Using massage to manage blood pressure, diabetes and arthritis

When was the last time you had a massage? If it’s been years, you may want to book an appointment right away!

The idea of massage as a self-indulgent luxury is a thing of the past. There’s a good reason that professionals trained to give massages are called massage therapists.

The first massages date back to 3000 years ago in ancient China. The Ancient Greeks, Hindus, Persians, Egyptians, French, Swedish, Thai, Indian and Japanese all had their own specific massage techniques, many of which have become part of modern-day massage therapy.

The health benefits of massage, both preventive and corrective, are well-researched, and have been experienced by a wide range of people.

Massage isn’t just a way to relax. It promotes health, alleviates pain, and slows the progress of disease.

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The many health benefits of massage

The following is just a partial list of the ways massage therapy can improve your health and your life.

1. Massage helps manage hypertension. Getting a massage regularly can spare you the need for long-term medication use to control blood pressure.

A 2013 study at Isfahan University of Medical Sciences in Iran looked at a group of fifty pre-hypertensive women. After receiving Swedish massage for 10 to 15 minutes, three times a week for 10 sessions, their blood pressure was significantly lower than in pre-hypertensive women who had not received massage.

Even more important, this lowered blood pressure continued for up to 72 hours after the massage.

2. Massage improves quality of life for people with diabetes. According to Jim Gialelis, a licensed massage therapist in Tempe, Arizona, diabetes patients can expect the following five positive effects from massage therapy:

  • Increased circulation, which can improve cellular intake of glucose
  • Relaxation, which helps the body restore and maintain balance and function
  • Increased mobility and tissue elasticity, which encourages physical activity and improves the ability to perform daily tasks
  • Relief of pain and thickening tissue over scar sites, which also increases mobility
  • Restored nerve function and sensation in areas of neuropathy

3. Massage relieves depression. Massage therapy can alleviate the physical symptoms that go hand in hand with depression, including tightened muscles, bent posture and stiff neck.

A review of data from 17 studies involving 786 people revealed that, in all cases, depressed patients receiving massage therapy saw significantly more improvement of physical symptoms than patients who did not.

4. Massage can help you stop smoking. The need to smoke usually involves anxiety and the need to relieve stress. Massage therapy helps calm this need and can be an important part of a smoking cessation program.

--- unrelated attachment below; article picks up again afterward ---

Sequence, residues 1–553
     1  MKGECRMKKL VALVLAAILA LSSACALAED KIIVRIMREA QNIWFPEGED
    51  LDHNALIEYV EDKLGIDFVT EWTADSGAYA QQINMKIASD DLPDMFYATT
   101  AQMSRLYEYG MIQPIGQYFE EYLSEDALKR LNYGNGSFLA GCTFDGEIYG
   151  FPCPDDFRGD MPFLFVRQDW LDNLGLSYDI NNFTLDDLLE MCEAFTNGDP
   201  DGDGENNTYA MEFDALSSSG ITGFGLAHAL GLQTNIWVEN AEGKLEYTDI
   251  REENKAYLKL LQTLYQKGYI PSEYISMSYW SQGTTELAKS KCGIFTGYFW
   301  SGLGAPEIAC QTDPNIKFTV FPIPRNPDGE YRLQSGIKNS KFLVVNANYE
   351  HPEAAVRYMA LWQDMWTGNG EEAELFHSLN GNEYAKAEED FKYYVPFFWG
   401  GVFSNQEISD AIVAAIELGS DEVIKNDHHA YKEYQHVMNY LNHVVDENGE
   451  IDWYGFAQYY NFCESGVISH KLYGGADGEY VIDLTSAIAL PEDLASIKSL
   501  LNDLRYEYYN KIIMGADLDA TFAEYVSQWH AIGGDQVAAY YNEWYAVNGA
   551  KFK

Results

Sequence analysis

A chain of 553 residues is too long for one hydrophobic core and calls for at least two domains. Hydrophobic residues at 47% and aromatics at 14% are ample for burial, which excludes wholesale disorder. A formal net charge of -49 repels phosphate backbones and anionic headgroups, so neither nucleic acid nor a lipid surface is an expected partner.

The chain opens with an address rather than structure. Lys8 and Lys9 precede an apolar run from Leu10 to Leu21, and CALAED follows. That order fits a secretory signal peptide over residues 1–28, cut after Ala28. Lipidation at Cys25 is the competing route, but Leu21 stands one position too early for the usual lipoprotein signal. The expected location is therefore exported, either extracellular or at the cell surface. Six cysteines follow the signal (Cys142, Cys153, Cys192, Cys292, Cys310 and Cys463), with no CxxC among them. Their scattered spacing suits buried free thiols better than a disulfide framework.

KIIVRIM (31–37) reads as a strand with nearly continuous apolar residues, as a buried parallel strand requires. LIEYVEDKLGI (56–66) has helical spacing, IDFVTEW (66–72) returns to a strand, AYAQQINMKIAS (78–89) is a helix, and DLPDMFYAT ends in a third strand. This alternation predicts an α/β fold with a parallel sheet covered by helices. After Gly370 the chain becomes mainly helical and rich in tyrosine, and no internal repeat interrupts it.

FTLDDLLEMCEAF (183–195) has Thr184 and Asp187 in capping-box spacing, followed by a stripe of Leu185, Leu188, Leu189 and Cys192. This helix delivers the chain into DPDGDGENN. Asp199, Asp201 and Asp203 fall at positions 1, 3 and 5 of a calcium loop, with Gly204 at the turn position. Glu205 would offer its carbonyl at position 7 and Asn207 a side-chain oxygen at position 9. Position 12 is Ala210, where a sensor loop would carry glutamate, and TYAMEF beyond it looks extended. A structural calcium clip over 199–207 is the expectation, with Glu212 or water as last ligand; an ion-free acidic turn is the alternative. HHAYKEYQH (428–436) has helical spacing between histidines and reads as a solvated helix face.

One study even found that self-massage can be effective in reducing cravings and withdrawal symptoms and reducing the number of cigarettes smoked.

5. Massage boosts the immune system. Researchers at Cedars-Sinai Medical Center in Los Angeles reported that people who received a 45-minute massage had an increased number of lymphocytes (white blood cells), which defend the body from disease.

Massage also resulted in lowered cytokines, molecules that cause inflammation, as well as a reduction in the stress hormone cortisol.

6. Massage can relieve osteoarthritis pain. Researchers at Duke University School of Medicine found that a 60-minute massage once a week resulted in significant lowering of pain scores, and increase in range of motion, in patients with osteoarthritis of the knee.

Another study at the Touch Research Institute of the University of Miami School of Medicine looked at patients with arthritis of the hand and wrist.  Just fifteen minutes of moderate-pressure massage daily resulted in reduced pain and anxiety, and increased grip strength.

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Types of massage

Again, while by no means comprehensive, here are some of the major types of massage and their primary benefits.

Swedish massage:  uses five basic strokes to stimulate circulation. Swedish massage is used for pain management, stress relief, and to achieve greater flexibility. It is also known to boost the immune system.

Deep tissue massage: affects the sub-layers beneath the muscles. Deep tissue massage is good for chronic muscle pain, and to reduce inflammation in arthritis and other conditions.

Thai massage: Thai massage is a 2500-year-old practice that is performed on a firm mat on the floor, rather than on a table. It uses kneading and positioning to stimulate tissue and organs based on energy patterns in the body.

Soft tissue massage: a slow, firm massage that is used to treat back pain and to break up scar tissue. It is also used in arthritis treatment.

Acupressure: an ancient Eastern healing art that uses the fingers to press key points on the body, releasing energy channels, known as Qi, to increase blood flow and relieve tension.

Shiatsu: Similar to acupressure, this ancient Japanese massage technique concentrates on unblocking energy. Shiatsu is known to help with constipation, migraines, and rheumatoid arthritis.

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Joyce Hollman

By Joyce Hollman

Joyce Hollman is a writer based in Kennebunk, Maine, specializing in the medical/healthcare and natural/alternative health space. Health challenges of her own led Joyce on a journey to discover ways to feel better through organic living, utilizing natural health strategies. Now, practicing yoga and meditation, and working towards living in a chemical-free home, her experiences make her the perfect conduit to help others live and feel better naturally.